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JavaScript, JSON and modern web MVC

June 2nd, 2011

As web developers we’re working through a transitionary period. New technologies are becoming widespread enough to be usable in real web apps – not just toys. After years of stagnation in JavaScript engines, Google Chrome started an arms race in speed, with all the major browser makers competing to make the fastest JavaScript interpreter. These changes are opening up a new world of web app development that hasn’t been fully explored yet, but this means we may have to rethink some of the best practices we’ve been following for the past decade.

MVC today

In a modern web application framework, MVC is well defined: requests get routed to a controller, which requests data from the model (which is probably using an ORM) and instantiates a templated view with this data. This view is sent as HTML to the browser which creates a DOM from the HTML, and renders the DOM (with CSS and images) as a web page.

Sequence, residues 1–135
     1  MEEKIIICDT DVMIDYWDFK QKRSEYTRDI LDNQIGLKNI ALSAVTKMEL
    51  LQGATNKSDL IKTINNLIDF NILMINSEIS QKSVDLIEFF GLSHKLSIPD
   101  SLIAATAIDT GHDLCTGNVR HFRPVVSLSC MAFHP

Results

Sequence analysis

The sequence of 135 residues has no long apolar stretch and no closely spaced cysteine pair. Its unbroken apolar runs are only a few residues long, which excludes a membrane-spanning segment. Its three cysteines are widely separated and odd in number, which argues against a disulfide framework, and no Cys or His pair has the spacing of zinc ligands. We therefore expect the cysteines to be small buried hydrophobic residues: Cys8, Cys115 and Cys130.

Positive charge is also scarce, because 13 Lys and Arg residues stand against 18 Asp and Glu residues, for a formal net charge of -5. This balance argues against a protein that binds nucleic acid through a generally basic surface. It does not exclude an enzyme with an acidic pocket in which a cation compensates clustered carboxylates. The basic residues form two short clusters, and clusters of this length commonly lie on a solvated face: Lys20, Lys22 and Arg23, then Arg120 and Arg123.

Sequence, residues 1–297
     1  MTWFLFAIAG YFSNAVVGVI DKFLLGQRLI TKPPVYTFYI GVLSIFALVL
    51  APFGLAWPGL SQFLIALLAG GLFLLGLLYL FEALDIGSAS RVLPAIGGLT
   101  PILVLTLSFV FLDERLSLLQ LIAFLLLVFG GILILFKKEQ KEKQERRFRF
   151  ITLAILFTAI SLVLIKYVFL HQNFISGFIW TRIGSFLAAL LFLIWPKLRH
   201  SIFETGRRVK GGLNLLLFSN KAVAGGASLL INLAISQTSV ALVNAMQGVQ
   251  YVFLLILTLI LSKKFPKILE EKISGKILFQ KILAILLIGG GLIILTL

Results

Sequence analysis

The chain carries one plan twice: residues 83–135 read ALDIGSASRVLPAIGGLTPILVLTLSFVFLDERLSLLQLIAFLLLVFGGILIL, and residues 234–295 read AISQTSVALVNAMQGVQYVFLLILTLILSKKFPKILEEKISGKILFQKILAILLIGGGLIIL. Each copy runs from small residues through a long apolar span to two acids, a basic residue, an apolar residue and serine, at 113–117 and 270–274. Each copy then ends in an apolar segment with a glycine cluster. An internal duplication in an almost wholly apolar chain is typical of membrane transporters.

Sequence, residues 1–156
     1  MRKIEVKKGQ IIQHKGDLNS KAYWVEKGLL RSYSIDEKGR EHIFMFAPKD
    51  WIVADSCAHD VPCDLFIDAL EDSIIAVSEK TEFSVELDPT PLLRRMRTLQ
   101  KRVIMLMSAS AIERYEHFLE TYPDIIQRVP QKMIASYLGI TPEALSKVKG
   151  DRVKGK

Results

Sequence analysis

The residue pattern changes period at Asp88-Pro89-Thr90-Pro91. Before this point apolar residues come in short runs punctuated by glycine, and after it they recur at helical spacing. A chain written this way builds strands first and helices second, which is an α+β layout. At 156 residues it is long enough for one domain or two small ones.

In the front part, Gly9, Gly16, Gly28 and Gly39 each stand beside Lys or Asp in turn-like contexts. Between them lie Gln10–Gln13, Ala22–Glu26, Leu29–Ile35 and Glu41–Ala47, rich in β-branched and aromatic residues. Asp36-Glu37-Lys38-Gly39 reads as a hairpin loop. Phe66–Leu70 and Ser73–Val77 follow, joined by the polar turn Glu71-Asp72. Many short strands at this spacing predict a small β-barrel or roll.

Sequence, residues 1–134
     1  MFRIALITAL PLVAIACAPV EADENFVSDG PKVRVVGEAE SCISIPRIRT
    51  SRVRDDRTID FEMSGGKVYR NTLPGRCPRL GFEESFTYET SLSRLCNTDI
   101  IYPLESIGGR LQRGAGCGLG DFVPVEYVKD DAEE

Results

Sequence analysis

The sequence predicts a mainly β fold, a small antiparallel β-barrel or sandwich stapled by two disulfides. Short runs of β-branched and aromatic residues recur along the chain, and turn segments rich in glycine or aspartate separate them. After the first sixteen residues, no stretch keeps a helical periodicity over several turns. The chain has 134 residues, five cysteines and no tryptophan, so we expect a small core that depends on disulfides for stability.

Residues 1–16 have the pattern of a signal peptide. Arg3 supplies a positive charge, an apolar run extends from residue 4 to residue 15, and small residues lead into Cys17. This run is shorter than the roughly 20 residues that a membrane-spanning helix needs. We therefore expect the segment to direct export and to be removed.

JavaScript then operates on the DOM, adding a layer of interactivity to the page. As things advance, the JavaScript layer has taken on more importance, reducing the number of page reloads by selectively reloading parts of the page with Ajax.

As the complexity of JavaScript on the client has increased, it’s been easy to end up with unstructured spaghetti code based around the jQuery model of “find something, do something with it”. As more state has moved to the browser, MVC frameworks for JavaScript have stepped in to add structure to the code. The problem is, now we have two MVC stacks:

Current JavaScript solutions suffer from "Double MVC". You need both server and client-side MVC stacks. Conceptual complexity is very high.

MVC of the future

MVCMVC or MMVVCC aren’t just un-catchy, they’re a rubbish idea. If we’re going to make rich apps that rely on JavaScript (and as I said previously, I think we should), we need to lose some redundancy.

The model will usually be accessing some shared database, so in most cases it makes sense for this component to be on the server (authentication usually lives here as well). The view is the DOM, and the controller is the JavaScript. There’ll also need to be model code in the JavaScript – the extent to which the model logic is split between client and server depends on the application.

All the server needs to do is provide JSON responses when the client asks for more data, ideally using simple RESTful resources.

One benefit of the server being a simple JSON store is that it enables us to easily add redundancy to our apps – if server1 fails to deliver a response, fall back to server2.

No more HTML